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  • Foreword / Robert J. Foster  vii
    Acknowledgments  xi
    Introduction  1
    I. The Negotiation of Value  35
    1. Negotiating Managerial Labor Power and Value / Lisa Rofel and Sylvia J. Yanagisako  43
    II. Historical Legacies and Revisionist Histories  109
    2. The (Re-)Emergence of Entrepreneurialism in Postsocialist China / Lisa Rofel  119
    3. Italian Legacies of Capital and Labor / Sylvia Yanagisako  161
    4. One Fashion, Two Nations: Italian-Chinese Collaborations / Simona Segre Reinach  190
    III. Kinship and Transnational Capitalism  217
    5. On Generation / Sylvia Yanagisako  227
    6. The Reappearance and Elusiveness of Chinese Family Firms / Lisa Rofel  264
    Conclusion  303
    Appendix: Four Types of Collaboration between Chinese and Italian Firms  313
    Notes  319
    References  345
    Index  363
  • Simona Segre Reinach

  • “Across the reach of global capitalism, Italian managers and Chinese entrepreneurs cast sticky webs of desire toward each other. And yet, as they negotiate the value of their respective labors, a quite different history of assessment and translation is brought into play for each. Fabricating Transnational Capitalism unpacks what global capital means on the ground. There are surprises: investment is kinship; private is state-run. For the ethnographic study of political economy, the book will become a classic.” — Anna Lowenhaupt Tsing, author of, The Mushroom at the End of the World: On the Possibility of Life in Capitalist Ruins

    “Lisa Rofel and Sylvia J. Yanagisako's innovative collaboration offers significant insights into the dynamics of global capitalism in the contemporary moment. Nuanced, fluidly argued, and written with considerable verve, Fabricating Transnational Capitalism is not just a brilliant work by two scholars at the cutting-edge of their fields; it envisions and models what collaborative ethnography can become and might achieve.” — Karen Ho, author of, Liquidated: An Ethnography of Wall Street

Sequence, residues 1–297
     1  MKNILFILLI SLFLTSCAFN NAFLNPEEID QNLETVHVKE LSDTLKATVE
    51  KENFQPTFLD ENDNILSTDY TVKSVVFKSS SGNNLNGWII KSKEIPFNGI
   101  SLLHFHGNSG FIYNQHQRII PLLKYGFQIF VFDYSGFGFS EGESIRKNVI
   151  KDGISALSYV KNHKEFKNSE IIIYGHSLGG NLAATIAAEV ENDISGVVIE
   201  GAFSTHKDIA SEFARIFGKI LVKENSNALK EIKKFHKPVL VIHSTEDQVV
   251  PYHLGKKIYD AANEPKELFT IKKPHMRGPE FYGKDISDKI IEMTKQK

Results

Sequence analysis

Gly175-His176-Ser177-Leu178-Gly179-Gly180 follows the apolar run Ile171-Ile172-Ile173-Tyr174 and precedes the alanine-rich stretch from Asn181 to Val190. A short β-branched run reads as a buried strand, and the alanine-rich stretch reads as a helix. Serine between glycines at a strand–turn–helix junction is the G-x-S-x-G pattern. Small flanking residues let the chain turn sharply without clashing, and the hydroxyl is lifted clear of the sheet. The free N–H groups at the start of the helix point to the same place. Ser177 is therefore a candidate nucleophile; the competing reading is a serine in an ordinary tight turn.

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  • Description

    In this innovative collaborative ethnography of Italian-Chinese ventures in the fashion industry, Lisa Rofel and Sylvia J. Yanagisako offer a new methodology for studying transnational capitalism. Drawing on their respective linguistic and regional areas of expertise, Rofel and Yanagisako show how different historical legacies of capital, labor, nation, and kinship are crucial in the formation of global capitalism. Focusing on how Italian fashion is manufactured, distributed, and marketed by Italian-Chinese ventures and how their relationships have been complicated by China's emergence as a market for luxury goods, the authors illuminate the often-overlooked processes that produce transnational capitalism—including privatization, negotiation of labor value, rearrangement of accumulation, reconfiguration of kinship, and outsourcing of inequality. In so doing, Fabricating Transnational Capitalism reveals the crucial role of the state and the shifting power relations between nations in shaping the ideas and practices of the Italian and Chinese partners.

    About The Author(s)

    Lisa Rofel is Professor of Anthropology at the University of California, Santa Cruz, and author of Desiring China: Experiments in Neoliberalism, Sexuality, and Public Culture, also published by Duke University Press.

    Sylvia J. Yanagisako is Edward Clark Crossett Professor of Humanistic Studies and Professor of Anthropology at Stanford University and author of Producing Culture and Capital: Family Firms in Italy.
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